Look at it this way .
                              A House is built.
                              The house is owned initially by the occupant, lets say it's one man and is freehold ( no flats conversion yet )
                              The house owner converts it into flats, and still owns the freehold.
                              The house owner eventually sells his flat, but has to assign the freehold to someone / something.
                              House owner forms a company. The Company owns the freehold.
                              The leaseholders of the flats can then become a shareholder in the company that owns the freehold, if they wish.
                              Not everyone wants to become a shareholder in the house flats. But most do.

                              The freehold is owned by the Directors, as it's the Directors that get sued if they don't obey the lease, or fail to put accounts in on time to Companies House. The shareholders are not sued.( except if they are a Director )

                              While I remember, send emails to each other, but on important matters send a letter as well ( you stick it through the letterbox for that flat )

                              The leaseholders do not own the building. The freeholder does. The freeholder is a Company, with designated Directors.

                              How many directors are there ? - look on Companies house and type in the name or reg. Number ( most start with a zero )
                              go to https://find-and-update.company-info...ervice.gov.uk/
                              You may find there is a Company Secretary as well.

                              The leaseholders ( please tell us there is a lease ) buy the right ( via a lease ) to occupy the flat for a set period, and the areas you are leaseing is described in the lease as "Demised to you" Be it 99 years, 125 years or 999 years, and at the end of the lease ( just like a leased car ) you give the flat back to the freeholder and get no payment for it, cos it was leased, not bought ( just like a leased car ).

                              The freeholder grants the leaseholder rights to use HIS grounds ( called common parts )- such as to pass and repass over the drive way, ( which means you have permision to walk accros the freeholders property, If those and other rights are not in the lease - your flat becomes land locked ( you can't pass over the drive to reach your flat ) as well as permision from the freeholder to pass over the garden, access the basement.

                              Yes, in effect shareholders are "sort of" in control of the building and grounds but the lease is the important thing that must be enforced, and you cant change any leases unless they are "Defective" or an e.g. authorised grond foor extention is built, when a deed of variation is attacthed to the lease stating that an addition to the demised parts has been added.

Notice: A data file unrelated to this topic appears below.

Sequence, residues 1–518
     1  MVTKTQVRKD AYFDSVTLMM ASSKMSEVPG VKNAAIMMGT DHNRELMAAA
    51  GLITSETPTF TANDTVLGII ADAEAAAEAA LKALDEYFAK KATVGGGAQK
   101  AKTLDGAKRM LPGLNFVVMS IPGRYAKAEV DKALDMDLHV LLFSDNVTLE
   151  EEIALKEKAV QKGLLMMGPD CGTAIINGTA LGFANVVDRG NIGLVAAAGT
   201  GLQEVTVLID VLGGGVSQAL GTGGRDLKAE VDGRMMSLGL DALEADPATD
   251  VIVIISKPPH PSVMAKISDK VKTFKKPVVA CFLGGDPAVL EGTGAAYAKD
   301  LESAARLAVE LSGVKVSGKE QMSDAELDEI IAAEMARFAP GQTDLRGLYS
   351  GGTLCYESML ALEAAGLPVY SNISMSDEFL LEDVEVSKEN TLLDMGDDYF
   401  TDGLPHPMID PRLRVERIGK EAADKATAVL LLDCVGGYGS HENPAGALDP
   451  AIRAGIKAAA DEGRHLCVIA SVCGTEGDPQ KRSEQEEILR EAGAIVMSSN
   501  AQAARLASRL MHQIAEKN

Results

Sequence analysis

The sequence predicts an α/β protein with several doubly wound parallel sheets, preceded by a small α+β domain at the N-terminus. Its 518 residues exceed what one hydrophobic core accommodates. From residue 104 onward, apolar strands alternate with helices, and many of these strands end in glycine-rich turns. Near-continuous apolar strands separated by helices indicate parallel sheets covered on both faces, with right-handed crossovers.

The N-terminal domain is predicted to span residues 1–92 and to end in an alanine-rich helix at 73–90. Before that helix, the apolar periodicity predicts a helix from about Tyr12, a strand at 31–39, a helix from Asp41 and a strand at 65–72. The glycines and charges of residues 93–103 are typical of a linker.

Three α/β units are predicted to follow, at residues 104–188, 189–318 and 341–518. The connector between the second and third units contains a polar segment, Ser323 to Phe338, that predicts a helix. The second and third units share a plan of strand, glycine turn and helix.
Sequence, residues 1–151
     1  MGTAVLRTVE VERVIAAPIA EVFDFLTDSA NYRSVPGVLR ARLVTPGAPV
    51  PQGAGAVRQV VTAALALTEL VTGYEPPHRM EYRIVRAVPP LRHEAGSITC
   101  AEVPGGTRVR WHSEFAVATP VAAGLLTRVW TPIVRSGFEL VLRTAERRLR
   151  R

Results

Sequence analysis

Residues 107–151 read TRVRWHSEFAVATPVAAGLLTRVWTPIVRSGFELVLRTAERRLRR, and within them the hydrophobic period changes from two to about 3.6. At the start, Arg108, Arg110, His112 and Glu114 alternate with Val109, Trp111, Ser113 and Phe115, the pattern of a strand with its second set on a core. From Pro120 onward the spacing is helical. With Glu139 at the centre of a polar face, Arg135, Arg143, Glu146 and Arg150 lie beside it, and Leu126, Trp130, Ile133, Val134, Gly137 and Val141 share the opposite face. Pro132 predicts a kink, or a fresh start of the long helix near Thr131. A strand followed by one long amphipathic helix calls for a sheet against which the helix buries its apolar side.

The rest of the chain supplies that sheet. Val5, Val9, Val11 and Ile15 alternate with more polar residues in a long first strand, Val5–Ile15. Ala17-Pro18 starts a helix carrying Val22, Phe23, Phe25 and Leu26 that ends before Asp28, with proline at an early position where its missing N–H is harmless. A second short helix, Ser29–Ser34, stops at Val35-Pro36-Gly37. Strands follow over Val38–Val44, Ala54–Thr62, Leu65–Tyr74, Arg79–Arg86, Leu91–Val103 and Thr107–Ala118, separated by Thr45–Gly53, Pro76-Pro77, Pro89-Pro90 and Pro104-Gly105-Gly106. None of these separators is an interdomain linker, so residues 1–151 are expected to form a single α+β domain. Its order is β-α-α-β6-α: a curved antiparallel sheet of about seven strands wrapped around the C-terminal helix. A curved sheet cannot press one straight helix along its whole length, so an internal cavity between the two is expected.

A leasholder has a share in the company that owns the freehold. The leaseholder does not own any freeholding, the Company does.

                              Bus as in your brothers 3 flats, it can be "assumed" that all 3 will make decisions about the property. as there are only 3 of them
                              Unlike a block of 20 flats where there may only be 4 directors, the directors make ALL the decisions, as you will never get anything done if there are 20 flats and 20 directors,

                              Directors have a habit of acting in their own interests- and dam the lease and the law, such as is happening with your brother.

                              Again, is there a lease ( find one ) ?
                              How many directors are there ?

                              Then go back and attempt to do what is shown in the above posts.

                              Hope i have not missed anything, and although you may not like some of my definitions, but definitions they are, in order not to stray too far.

                              As I said -- we have all been in your possition, we have initially got it wrong, including me and parents, 25 years ago.

                              But please keep coming back here, as I / we wished this site was available, or know about 25 years ago.





                              .

                              Comment

                              Latest Activity

                              Collapse

                              Working...
                              X